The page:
Then came the Borromini Quartet (James Toll, Naomi Burrell, Sam Kennedy and David Edmonds) performing on the side stage. They play on period instruments with gut strings and no vibrato and, in an interview with Piers Adams, James Toll said that they all shared the same rhetorical approach to playing. They performed the String Quartet Op.1 No.3 by Hyacinthe Jadin (1776 - 1800). Jadin was a French composer, from a French musical family. The start of his career as a composer coincided with the start of the French revolution and he died at the age of 24 from TB. His music is still little known. The four movement quartet had a Mozartian grace and charm with an interesting interplay between the instruments. The opening movement, Allegro Moderato, was interestingly plangent. The second is marked Menuet but it opened with an eerie unison passage for all the performers which contrasted with the flowing, elegant middle section. The slow and stately third movement Adatio was rather sober, but with some interesting instrumental interplay and the lively Polacca finale combined a busy texture with an appealing melodic felicity. Jadin's Op.1 quartets were dedicated to Haydn; written in 1795 they were published in 1796.

Back to the main stage for a performance of the cantata Thetis by Jean-Philippe Rameau (1683 - 1764). Baritone Greg Skidmore was accompanied by Helen Kruger (baroque violin), Tom Foster (harpsichord) and Alison Kinder (viola). Dating from between 1715 and 1720, the cantata tells how both Jupiter and Neptune competed for the love of the nymph Thetis, but she chose a mortal man for love. To show off Neptune blows winds whilst Jupiter throws thunder and lightening. Se we got a pair of rather spectacular arias before the final gentle dancing conclusion pointing a moral. Skidmore sang with a focused dark baritone voice and a firm sense of line. Technically apposite in the arias, he was nicely expressive in the recitative.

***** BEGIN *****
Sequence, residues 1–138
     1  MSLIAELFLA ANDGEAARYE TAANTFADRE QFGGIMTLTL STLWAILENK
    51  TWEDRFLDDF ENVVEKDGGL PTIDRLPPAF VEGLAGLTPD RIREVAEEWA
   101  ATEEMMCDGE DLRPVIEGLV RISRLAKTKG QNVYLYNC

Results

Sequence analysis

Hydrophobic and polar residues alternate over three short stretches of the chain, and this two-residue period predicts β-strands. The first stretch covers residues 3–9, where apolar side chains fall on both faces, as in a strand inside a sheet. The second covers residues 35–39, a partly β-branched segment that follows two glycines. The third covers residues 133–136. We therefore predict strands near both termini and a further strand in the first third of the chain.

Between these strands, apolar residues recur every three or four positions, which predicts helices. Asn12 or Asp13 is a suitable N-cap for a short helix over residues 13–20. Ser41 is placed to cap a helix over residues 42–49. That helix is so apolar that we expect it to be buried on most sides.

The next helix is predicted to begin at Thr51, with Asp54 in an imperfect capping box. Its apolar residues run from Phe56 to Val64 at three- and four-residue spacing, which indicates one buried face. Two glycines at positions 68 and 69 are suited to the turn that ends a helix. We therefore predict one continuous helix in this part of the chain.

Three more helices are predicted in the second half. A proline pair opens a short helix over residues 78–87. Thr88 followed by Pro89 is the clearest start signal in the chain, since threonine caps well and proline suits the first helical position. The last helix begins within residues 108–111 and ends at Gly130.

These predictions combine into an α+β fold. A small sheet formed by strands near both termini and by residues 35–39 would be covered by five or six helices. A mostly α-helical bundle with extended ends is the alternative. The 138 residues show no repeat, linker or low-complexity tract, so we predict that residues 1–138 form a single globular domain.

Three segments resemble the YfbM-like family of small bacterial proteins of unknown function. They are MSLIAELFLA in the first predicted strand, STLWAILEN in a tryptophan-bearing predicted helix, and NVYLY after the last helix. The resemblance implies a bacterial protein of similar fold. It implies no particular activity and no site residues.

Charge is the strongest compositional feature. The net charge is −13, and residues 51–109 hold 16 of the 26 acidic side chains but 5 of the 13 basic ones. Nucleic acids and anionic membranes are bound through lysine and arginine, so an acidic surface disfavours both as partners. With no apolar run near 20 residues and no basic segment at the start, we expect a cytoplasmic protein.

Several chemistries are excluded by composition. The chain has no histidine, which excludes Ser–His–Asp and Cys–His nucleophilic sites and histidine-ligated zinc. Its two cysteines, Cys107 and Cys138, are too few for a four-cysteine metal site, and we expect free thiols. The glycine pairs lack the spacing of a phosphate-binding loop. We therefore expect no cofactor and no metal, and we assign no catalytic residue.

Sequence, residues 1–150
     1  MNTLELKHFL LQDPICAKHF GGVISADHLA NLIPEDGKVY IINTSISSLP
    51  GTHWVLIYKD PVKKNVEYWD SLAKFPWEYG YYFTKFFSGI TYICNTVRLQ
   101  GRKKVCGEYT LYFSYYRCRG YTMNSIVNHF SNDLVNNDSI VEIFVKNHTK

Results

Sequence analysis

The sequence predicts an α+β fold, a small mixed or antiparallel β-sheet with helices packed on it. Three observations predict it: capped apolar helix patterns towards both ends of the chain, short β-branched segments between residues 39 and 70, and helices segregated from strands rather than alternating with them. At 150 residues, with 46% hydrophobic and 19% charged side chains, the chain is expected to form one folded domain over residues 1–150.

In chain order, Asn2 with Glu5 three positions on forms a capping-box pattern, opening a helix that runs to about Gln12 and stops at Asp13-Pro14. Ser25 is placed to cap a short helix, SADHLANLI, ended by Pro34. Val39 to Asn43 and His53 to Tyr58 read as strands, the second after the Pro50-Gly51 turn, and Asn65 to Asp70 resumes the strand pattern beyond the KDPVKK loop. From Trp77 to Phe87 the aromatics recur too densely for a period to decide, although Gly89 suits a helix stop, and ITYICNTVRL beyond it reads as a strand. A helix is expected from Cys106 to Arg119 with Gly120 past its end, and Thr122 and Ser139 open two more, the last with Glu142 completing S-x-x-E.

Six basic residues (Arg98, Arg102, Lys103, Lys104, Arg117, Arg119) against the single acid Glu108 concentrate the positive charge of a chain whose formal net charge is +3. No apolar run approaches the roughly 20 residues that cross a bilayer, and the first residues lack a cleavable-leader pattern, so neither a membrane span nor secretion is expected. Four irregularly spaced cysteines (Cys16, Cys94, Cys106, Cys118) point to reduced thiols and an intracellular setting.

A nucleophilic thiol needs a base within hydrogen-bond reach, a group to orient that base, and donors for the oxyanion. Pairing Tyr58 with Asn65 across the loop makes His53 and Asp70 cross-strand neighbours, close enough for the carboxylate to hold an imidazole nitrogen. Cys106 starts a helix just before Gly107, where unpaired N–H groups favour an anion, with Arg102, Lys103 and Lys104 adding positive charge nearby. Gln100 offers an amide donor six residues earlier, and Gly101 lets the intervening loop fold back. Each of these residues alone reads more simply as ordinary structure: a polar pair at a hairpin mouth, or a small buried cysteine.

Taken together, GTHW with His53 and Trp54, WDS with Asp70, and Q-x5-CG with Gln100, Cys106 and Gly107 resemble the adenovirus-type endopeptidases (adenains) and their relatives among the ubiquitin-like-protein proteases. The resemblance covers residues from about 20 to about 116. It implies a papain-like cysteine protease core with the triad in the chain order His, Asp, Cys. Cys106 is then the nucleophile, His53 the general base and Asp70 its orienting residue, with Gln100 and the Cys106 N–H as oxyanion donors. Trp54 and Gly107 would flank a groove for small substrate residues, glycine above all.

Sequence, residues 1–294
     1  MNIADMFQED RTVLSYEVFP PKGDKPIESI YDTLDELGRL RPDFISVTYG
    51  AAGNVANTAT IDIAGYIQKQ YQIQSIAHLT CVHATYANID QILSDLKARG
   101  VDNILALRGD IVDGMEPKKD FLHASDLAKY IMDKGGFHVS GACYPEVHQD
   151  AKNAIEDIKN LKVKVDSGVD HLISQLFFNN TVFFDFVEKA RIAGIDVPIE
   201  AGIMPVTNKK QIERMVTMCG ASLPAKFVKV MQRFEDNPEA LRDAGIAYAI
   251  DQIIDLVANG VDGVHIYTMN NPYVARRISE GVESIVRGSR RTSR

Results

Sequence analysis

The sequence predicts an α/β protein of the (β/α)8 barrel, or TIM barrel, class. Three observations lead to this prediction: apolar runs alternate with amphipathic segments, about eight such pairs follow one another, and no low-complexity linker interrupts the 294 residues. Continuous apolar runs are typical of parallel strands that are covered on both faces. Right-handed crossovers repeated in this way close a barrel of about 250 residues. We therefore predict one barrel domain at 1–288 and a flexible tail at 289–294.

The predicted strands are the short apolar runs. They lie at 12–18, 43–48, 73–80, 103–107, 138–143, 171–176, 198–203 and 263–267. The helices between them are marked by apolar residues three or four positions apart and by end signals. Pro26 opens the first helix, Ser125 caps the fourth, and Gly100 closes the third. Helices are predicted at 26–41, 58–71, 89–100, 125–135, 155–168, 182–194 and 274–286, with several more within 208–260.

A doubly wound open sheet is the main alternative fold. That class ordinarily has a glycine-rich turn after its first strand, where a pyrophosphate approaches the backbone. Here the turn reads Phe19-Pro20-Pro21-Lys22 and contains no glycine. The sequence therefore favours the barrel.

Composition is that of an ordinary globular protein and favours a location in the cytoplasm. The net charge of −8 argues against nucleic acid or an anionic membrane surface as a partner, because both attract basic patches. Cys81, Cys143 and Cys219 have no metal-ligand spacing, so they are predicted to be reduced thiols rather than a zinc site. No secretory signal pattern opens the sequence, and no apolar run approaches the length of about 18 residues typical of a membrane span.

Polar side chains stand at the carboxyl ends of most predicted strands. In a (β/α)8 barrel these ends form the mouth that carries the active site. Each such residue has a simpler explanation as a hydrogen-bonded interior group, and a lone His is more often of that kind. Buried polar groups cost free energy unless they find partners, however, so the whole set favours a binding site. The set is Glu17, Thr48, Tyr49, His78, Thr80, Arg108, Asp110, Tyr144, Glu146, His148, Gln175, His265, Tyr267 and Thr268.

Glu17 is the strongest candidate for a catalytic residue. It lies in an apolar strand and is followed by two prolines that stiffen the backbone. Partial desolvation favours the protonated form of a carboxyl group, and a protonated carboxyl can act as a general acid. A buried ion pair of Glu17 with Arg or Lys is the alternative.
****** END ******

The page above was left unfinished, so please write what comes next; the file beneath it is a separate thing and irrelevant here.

I Flautisti made their second appearance this time on the side stage so we were able to see the fine set of matched recorders they played on - same wood, same maker. First three piece by Antonio de Cabezon (1510 - 1566) Las Diferencias, Fuga al contrario, and Tiento X Primer Tonio. The first displaying fast flowing polyphony, the second gentler with a busy texture and the third livelier. They followed with two further pieces by Diego Ortiz, Ricercare Quarta - La Gamba and Ricercare Seconda - Passamezzo, delightful lively pieces. They were then joined by Piers Adams for a helter-skelter performance of the Badinerie from Bach Ouverture No. 2.

Back to the main stage for the Little Baroque Company, Nina Lejderman (soprano), Helen Kruger (baroque violin), Poppy Walshaw (baroque cello), Tom Foster (harpsichord) and Toby Carr (theorbo). They performed Giovanni Battista Bononcini's (1670 - 1747) cantata Alle sue pene intorno. Bononcini is perhaps best known in the UK as one of the other composers in competition to Handel at the Royal Academy. Bononcini fell out of favour however after passing one of Lotti's madrigals off as his own. His cantata Alle sue pene intorno deals with the passion of a woman scorned. Nina Lejderman sang with pure, straight sound combining a lovely expressive recitative with nicely flexible and flowing technique in the arias. Bononcini was skilled at writing approachable music and both the first and last arias were very touchingly plangent.